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Auctioneer Osian’s set to launch publishing firm, literary agency

Auctioneer Osian’s set to launch publishing firm, literary agency
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First Published: Thu, May 24 2007. 01 06 AM IST

Updated: Thu, May 24 2007. 01 06 AM IST
New Delhi: As Indian authors write their way to international best-sellers’ lists, the country’s leading archive and auction house Osian’s Connoisseurs of Art Pvt. Ltd plans to launch a publishing and design firm as well as a literary agency.
The moves, scheduled to be announced on Friday, reflects a growing interest in managing talent in a country where writers have historically dealt directly with publishers.
“The whole practice of literary agenting has just started,” says Renuka Chatterjee, senior vice president of Osian’s planned literary agency. “We realized that the time is right for a professional literary agency given the ever-increasing interest in Indian writing and the way publishing in India has grown from strength to strength,” she adds.
There have been attempts before on this front. Jacaranda Press has been operating as a literary agency and consulting company since 1997, while Anuj Bahri of book retailer, Bahri & Sons, has been doubling as a bookseller and literary agent for more than a year.
Meanwhile, many recent blockbusters that have won literary acclaim and financial success—Kiran Desai’s The Inheritance of Loss and Vikram Chandra’s Sacred Games, for instance—have been authored by Indians resident abroad, who worked with agents in New York and London.
Indeed, in a recent interview with Mint, Desai’s agent David Godwin had said that he hoped to set up an India office. Godwin was also agent to Desai’s fellow Booker Award winner, Arundhati Roy, author of The God of Small Things. Sophie Hoult, a spokeswoman for David Godwin Associates, said on Wednesday that nothing was imminent.
India’s English trade books market represents Rs800-1,200 crore in sales every year. The last few years have seen some headline-grabbing advance payments—Raj Kamal Jha’s world rights to The Blue Bedspread to Picador were sold at £160,000 (Rs1.28 crore).
Observers, however, say that the book business within India still does not make it financially attractive to have an organized literary agency model.
Indian agents typically charge between 5% and 15% commission compared with the standard 15% in the West.
“Unlike the West, where an adult book goes for an average of say £5-6, or Rs400-480, in India it typically sells for anything between Rs150-250,” says Thomas Abraham, chief executive officer and president of Penguin Books India. “Can an agent in India sustain herself by merely being a literary agent?” he asks.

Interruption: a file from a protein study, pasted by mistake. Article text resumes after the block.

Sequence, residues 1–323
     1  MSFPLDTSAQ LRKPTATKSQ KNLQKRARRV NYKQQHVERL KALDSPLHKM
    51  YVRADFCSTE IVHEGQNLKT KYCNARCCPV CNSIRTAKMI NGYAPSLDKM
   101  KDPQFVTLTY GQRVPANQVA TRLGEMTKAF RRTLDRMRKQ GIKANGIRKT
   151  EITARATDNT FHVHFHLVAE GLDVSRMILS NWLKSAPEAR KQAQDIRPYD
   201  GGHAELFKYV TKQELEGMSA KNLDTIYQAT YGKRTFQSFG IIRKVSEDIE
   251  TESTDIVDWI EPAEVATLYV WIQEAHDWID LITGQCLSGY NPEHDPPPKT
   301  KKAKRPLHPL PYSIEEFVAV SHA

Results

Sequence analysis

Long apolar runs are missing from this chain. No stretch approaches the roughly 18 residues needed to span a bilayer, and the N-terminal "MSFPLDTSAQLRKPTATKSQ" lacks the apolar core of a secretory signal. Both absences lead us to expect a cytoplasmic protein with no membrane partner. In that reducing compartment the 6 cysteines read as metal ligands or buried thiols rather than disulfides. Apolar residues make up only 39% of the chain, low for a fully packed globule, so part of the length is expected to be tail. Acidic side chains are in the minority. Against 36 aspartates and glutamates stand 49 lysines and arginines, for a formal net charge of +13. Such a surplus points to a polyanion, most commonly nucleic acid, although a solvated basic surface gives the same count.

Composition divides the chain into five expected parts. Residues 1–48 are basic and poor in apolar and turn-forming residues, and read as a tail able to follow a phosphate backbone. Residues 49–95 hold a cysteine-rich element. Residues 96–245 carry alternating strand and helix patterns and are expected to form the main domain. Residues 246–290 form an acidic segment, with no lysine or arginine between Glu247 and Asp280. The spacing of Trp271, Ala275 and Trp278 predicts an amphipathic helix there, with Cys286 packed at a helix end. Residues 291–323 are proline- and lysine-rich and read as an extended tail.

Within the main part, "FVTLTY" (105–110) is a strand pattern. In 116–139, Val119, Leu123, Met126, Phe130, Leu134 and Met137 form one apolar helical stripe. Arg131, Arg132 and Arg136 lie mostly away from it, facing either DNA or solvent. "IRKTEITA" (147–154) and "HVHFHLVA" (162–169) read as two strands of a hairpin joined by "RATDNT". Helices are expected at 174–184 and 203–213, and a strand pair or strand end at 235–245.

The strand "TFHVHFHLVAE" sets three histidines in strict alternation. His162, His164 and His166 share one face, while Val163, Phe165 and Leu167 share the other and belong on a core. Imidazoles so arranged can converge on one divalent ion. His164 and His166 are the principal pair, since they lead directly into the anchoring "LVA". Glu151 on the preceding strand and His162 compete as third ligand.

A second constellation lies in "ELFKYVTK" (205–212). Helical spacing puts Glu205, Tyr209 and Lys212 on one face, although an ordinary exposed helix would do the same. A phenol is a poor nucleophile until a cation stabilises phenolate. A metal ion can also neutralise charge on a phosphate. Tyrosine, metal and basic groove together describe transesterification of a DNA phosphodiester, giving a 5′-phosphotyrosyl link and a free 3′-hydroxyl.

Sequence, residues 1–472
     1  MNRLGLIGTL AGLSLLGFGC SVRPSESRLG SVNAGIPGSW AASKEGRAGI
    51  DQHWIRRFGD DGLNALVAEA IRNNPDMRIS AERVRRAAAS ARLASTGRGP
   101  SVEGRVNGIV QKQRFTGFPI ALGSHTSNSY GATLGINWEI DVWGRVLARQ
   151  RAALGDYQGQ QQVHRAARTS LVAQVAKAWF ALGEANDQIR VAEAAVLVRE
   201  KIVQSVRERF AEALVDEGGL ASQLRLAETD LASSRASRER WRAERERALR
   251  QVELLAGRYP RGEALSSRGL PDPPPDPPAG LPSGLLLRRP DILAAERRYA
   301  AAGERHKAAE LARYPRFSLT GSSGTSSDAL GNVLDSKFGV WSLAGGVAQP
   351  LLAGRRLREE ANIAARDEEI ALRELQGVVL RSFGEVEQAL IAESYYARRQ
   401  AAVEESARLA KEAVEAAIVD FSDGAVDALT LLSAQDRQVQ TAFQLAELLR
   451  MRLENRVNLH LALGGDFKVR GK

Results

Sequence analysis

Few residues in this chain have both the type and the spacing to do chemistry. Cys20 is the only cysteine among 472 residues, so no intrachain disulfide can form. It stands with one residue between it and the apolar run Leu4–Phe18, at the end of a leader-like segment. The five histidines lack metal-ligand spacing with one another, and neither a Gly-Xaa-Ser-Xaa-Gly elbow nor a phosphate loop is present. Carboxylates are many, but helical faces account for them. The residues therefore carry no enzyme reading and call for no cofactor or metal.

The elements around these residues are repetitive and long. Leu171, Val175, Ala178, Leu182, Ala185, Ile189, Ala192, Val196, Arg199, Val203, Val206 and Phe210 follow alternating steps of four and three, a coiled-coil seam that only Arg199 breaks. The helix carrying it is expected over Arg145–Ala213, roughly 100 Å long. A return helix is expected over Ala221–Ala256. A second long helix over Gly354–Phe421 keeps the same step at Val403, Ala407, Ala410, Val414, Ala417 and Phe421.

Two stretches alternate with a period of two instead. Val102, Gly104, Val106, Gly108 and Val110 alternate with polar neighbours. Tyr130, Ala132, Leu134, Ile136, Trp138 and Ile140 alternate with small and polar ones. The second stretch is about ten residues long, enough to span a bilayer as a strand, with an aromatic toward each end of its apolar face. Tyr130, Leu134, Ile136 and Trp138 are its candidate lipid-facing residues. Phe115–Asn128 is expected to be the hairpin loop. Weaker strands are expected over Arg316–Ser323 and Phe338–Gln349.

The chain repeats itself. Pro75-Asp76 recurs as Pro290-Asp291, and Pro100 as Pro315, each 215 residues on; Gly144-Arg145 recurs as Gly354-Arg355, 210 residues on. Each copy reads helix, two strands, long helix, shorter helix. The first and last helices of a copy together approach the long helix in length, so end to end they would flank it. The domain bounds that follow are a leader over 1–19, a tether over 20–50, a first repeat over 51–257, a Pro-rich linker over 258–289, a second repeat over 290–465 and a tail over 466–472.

Indeed, many Indian writers, such as the best-selling Shobaa De, have no literary agent; De does have overseas agents, including Frauke Jung-Lindemann, who controls the German rights for her books.
Osian’s publishing arm will focus on books about arts, culture, cinema and philosophy. The literary agency will operate separately and acquire writers of fiction and non-fiction, Chatterjee explains.
Publishers say literary agents can add significant value to the writers they represent as well as to their publishers. For Indian writers, they might help garner overseas rights.
“Foreign publishing houses do not even look at manuscripts unless they come through agents. The Indian publishing industry is different in this respect, since authors can, and do approach publishing houses directly,” says Jayapriya Vasudevan, director of Jacaranda Press in Bangalore. Jacaranda has been working with authors such as Shashi Warrier, Anita Nair, Aditi De and Tushar Gandhi.
Agents assess manuscripts, pitch them, review contracts and help manage schedules for writing, editing, proofing and release. They not only bring value to both the writer and the publisher, but also help weed out manuscripts that don’t make the grade, notes Bahri, adding, “It is not an easy task for a publishing house to read through some 500-odd manuscripts that reaches its desk each month.”
For now, publishers feel the role of agents in India will be limited to talent scouting and selling world rights. “There is a high output of quality writing generating from India and the country will remain a prime ground for new literary discoveries,” says Abraham. “It would take a long time before agents in India start wielding power like in the West.”
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First Published: Thu, May 24 2007. 01 06 AM IST
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